I love hiking in the woods. I find that moving forward step by step on a natural path while inhaling fresh air is therapeutic on many levels. I often wonder how many people really notice what is around them when they are walking in the woods. Have you taken note of the plants along your hiking path? Our natural environments give us great opportunities to observe some of our native plants as well as some of the invasive species that are infiltrating our forests.
During a recent hike in the woods near my home I found a number of wonderful native plants worthy of adding to any shade garden. Most of these plants are considered spring ephemerals. They grace us with their presence in early spring and disappear by early summer.
Dicentra cucullaria (Dutchman’s Breeches) provides a delicate texture to the early spring garden with finely dissected foliage. The flowers resemble little pantaloons, which gives this plant its common name.
Erythronium Americanum (Dogtooth violet or Trout Lily) has spotted leaves that resemble a trout’s markings. The graceful, nodding yellow flower adds contrast to the striking leaves.
Podophyllum peltatum (Mayapple) has umbrella shaped leaves. While many are solid green, some display impressive color and variegation.
Allium tricoccum (Ramps) provide two seasons of interest and food for the table. Sometimes called wild leeks or wild garlic, they can be harvested for tasty meals. I prefer to leave them in the ground so I can enjoy the adorable Allium like flowers that emerge in the summer after the foliage has disappeared. Polemonium reptans (Jacobs Ladder) grows to a 12-inch mound. In addition to the interesting leaf structure and delicate purple flowers, these plants happily seed around my garden.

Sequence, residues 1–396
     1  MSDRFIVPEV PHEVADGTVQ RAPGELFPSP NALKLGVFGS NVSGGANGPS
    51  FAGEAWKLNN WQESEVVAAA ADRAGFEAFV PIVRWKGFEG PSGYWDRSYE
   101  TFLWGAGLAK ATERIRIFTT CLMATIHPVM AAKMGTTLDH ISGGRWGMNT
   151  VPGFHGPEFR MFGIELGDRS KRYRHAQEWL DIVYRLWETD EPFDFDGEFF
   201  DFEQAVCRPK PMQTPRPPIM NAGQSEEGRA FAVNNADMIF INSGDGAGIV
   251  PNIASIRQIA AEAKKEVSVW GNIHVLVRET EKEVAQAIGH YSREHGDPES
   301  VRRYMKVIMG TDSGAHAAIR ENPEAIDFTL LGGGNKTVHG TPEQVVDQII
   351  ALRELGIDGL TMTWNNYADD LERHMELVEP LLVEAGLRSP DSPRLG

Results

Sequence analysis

Symplocarpus foetidus (Skunk cabbage) loves moist conditions and can often be seen along streams or in low areas. The flowers are quite impressive in form and color. Don’t worry, the plants only smell like skunk if you bruise the leaves.
Claytonia virginica (Spring Beauty) have narrow leaves and pretty white or pink flowers with dark pink veining. They naturalize easily and can be planted in lawns for an early season display of color.
Despite many wonderful native plants (I have only featured some of what you might see), there are some invasive plants as well. If you see them on your property, it’s best to remove them. By doing so, you’ll help save the forests and make room for other, more desirable plants!
Rosa multiflora (Multiflora Rose) is considered a noxious weed in Pennsylvania. These plants rapidly expand by seed and by a process called layering where the arching branches touch the ground, root and expand into an impenetrable thicket.
Berberis thunbergia (Japanese barberry) is a non-native woody plant that became popular because of its color forms and deer resistance. Barberry has escaped into the wild and is now disrupting natural ecosystems. Plant breeders have developed sterile varieties that produce no seed. If you are going to plant a barberry, I suggest you seek out one of the newer, non-invasive options.
Elaeagnus angustifolia (Russian olive) is tough and fast growing, quickly crowding out native vegetation. Originally planted for erosion control and valued for its deer resistance, this plant should be eradicated if found on your property.
Lesser celandine is one of the most aggressive weeds I have seen in recent years. Favoring moist soil, it colonizes quickly and produces inordinate amounts of seed. To make matters worse it also spreads by bulblets and tuberous roots. Many think the yellow flowers are pretty, but trust me, it’s best to eradicate this pest as quickly as you can before it controls your landscape.
The next time you hike through the forest, take notice of what’s around you. Cherish the wonderful native plants you see and learn how to spot invasive species Being good stewards of your own property is good for the soul, just like a walk in the woods.